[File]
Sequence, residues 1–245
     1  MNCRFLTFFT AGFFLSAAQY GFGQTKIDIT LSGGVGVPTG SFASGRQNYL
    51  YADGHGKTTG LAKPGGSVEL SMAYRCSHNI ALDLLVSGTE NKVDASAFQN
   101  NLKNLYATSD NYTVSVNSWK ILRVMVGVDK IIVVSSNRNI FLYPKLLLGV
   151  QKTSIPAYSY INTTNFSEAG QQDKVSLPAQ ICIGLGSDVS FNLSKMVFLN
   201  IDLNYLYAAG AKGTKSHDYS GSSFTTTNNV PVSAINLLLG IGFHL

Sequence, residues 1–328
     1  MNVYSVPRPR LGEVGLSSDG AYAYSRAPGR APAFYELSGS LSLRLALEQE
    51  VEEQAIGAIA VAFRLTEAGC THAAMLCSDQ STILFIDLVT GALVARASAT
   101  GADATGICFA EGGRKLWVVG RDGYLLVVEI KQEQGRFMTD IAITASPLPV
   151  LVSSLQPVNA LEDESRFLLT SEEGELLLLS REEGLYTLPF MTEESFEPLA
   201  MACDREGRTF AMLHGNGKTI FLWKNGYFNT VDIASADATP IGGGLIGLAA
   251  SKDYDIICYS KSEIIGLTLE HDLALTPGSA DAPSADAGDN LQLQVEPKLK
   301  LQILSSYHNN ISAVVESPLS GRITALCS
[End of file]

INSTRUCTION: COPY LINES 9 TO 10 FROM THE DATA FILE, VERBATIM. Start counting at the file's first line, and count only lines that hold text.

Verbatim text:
    51  VEEQAIGAIA VAFRLTEAGC THAAMLCSDQ STILFIDLVT GALVARASAT
   101  GADATGICFA EGGRKLWVVG RDGYLLVVEI KQEQGRFMTD IAITASPLPV